Mono- and dual-frequency fast cerebellar oscillation in mice lacking parvalbumin and/or calbindin D-28k
Servais L., Bearzatto B., Schwaller B., Dumont M., De Saedeleer C., Dan B., Barski JJ., Schiffmann SN., Cheron G.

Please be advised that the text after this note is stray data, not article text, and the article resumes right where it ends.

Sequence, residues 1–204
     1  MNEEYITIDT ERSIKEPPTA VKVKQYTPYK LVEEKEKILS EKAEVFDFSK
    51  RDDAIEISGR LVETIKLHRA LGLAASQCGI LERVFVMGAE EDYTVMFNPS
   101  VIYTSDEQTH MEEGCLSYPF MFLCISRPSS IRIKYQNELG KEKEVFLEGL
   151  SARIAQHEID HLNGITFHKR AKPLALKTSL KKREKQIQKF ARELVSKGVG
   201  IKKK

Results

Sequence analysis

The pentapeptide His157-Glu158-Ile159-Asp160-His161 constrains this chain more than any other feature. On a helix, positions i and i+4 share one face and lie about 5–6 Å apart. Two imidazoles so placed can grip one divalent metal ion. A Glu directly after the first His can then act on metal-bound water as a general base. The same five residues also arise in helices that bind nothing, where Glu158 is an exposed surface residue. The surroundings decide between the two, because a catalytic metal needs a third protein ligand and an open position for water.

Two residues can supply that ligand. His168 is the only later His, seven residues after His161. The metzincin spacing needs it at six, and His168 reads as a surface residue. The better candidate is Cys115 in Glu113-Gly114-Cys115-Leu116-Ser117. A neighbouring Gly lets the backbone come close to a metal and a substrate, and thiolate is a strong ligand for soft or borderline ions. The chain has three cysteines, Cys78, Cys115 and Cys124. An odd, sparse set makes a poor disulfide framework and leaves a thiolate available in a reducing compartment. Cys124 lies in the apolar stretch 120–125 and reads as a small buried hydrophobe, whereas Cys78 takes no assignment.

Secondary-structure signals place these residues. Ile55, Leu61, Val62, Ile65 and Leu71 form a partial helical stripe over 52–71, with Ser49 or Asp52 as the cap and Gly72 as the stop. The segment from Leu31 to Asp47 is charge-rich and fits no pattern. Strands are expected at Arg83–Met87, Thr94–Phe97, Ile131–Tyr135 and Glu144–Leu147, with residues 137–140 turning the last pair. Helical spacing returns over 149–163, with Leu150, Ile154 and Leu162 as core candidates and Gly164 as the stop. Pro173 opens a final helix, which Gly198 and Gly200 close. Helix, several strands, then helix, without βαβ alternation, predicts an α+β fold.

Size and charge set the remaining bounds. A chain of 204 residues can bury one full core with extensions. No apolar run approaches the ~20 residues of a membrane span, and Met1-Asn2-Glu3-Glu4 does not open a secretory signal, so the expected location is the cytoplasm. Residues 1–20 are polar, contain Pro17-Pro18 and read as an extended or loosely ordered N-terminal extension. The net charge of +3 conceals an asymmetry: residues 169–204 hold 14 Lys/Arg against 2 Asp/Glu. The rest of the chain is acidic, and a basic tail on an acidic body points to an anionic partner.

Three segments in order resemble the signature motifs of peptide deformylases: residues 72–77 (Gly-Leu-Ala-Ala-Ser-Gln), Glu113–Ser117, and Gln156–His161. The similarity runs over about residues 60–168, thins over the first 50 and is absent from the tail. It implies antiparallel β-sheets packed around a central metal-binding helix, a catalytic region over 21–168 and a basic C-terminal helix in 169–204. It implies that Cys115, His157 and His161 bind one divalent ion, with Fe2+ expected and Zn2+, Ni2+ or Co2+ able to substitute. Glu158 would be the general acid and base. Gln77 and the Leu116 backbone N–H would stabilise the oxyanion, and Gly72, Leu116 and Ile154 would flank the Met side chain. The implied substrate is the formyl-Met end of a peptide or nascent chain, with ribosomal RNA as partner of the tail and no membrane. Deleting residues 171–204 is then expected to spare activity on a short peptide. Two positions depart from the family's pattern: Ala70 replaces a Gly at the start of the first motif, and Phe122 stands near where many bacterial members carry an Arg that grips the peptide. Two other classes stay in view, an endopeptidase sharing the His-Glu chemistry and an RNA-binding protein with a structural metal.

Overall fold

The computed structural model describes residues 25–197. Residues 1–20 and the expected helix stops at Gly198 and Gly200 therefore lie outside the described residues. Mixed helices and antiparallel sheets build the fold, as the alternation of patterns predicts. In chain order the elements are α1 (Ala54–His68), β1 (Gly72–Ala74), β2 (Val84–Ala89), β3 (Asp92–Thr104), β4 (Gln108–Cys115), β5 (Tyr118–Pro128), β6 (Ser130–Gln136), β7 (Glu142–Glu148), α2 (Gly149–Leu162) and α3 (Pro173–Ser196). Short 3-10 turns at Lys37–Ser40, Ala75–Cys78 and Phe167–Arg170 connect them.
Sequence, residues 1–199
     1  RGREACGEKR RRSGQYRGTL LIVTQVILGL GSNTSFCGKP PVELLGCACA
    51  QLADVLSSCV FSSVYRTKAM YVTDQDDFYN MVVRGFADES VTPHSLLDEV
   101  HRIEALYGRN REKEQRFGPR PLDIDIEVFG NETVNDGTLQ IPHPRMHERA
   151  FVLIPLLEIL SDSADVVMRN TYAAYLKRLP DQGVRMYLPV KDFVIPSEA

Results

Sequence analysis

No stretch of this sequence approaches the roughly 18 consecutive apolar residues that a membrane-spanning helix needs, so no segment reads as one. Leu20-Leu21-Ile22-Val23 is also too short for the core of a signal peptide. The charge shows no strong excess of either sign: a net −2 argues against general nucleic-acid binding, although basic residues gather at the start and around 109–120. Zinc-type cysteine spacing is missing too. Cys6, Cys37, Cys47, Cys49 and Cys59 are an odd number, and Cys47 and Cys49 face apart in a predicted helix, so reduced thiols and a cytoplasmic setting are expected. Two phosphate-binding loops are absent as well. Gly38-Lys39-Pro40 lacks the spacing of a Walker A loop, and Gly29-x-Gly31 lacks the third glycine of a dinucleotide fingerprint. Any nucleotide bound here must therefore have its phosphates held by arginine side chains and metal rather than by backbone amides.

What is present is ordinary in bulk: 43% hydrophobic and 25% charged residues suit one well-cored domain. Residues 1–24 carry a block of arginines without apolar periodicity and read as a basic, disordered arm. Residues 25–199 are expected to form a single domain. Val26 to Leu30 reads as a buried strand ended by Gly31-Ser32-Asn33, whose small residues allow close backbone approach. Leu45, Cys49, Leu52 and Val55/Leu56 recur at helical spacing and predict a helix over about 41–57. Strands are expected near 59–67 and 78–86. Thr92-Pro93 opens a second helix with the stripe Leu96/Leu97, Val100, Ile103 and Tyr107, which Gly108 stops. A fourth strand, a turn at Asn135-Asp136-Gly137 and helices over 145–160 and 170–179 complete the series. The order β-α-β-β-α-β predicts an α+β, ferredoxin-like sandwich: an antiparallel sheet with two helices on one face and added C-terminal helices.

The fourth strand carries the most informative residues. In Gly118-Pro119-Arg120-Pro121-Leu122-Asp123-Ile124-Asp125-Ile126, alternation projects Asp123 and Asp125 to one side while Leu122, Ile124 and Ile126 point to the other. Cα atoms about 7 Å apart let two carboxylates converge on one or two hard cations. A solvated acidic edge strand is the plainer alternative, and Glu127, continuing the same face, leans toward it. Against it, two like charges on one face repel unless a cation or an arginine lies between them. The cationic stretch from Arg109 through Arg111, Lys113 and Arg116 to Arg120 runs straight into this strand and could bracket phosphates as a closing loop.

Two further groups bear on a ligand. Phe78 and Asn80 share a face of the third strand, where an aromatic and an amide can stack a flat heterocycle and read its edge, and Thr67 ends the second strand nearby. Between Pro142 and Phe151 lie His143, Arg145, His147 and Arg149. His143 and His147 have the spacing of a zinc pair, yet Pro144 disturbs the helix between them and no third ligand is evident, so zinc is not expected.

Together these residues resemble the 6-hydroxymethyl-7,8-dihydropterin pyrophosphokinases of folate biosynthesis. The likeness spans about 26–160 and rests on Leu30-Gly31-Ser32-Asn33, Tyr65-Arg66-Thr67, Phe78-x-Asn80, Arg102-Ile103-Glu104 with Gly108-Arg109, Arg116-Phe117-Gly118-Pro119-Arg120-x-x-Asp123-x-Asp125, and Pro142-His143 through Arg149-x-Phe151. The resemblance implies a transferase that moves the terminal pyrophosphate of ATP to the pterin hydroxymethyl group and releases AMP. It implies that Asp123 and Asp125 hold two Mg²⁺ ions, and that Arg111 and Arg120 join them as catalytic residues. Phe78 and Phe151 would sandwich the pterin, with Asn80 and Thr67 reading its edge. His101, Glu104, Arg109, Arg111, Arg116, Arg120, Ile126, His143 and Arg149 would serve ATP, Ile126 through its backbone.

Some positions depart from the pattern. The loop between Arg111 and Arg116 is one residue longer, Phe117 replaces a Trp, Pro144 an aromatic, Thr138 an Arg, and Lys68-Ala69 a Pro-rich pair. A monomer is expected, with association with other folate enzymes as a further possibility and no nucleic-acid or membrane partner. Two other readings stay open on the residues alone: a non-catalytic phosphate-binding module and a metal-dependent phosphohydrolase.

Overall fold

Calbindin is a fast Ca2+-binding protein expressed by Purkinje cells and involved in their firing regulation. Its deletion produced ∼160-Hz oscillation sustained by synchronous, rhythmic Purkinje cells in the cerebellar cortex of mice. Parvalbumin is a slow-onset Ca2+-binding protein expressed in Purkinje cells and interneurons. In order to assess its function in Purkinje cell firing regulation, we studied the firing behavior of Purkinje cells in alert mice lacking parvalbumin (PV-/-), calbindin (CB -/-) or both (PV-/-CB-/-) and in wild-type controls. The absence of either protein resulted in Purkinje cell firing alterations (decreased complex spike duration and pause, increased simple spike firing rate) that were more pronounced in CB-/- than in PV -/- mice. Cumulative effects were found in complex spike alterations in PV-/-CB-/- mice. PV-/- and CB-/- mice manifested ∼160-Hz oscillation that was sustained by Purkinje cells firing rhythmically and synchronously along the parallel fiber axis. This oscillation was dependent on GABAA, N-methyl-D-aspartate and gap junction transmission. PV-/-CB-/- mice exhibited a dual-frequency (110 and 240 Hz) oscillation. The instantaneous spectral densities of both components were inversely correlated. Simple and complex spikes of Purkinje cells were phase-locked to one of the two oscillation frequencies. Mono- and dual-frequency oscillations presented similar pharmacological properties. These results demonstrate that the absence of the Ca2+ buffers parvalbumin and calbindin disrupts the regulation of Purkinje cell firing rate and rhythmicity in vivo and suggest that precise Ca2+ transient control is required to maintain the normal spontaneous arrhythmic and asynchronous firing pattern of the Purkinje cells. © Federation of European Neuroscience Societies.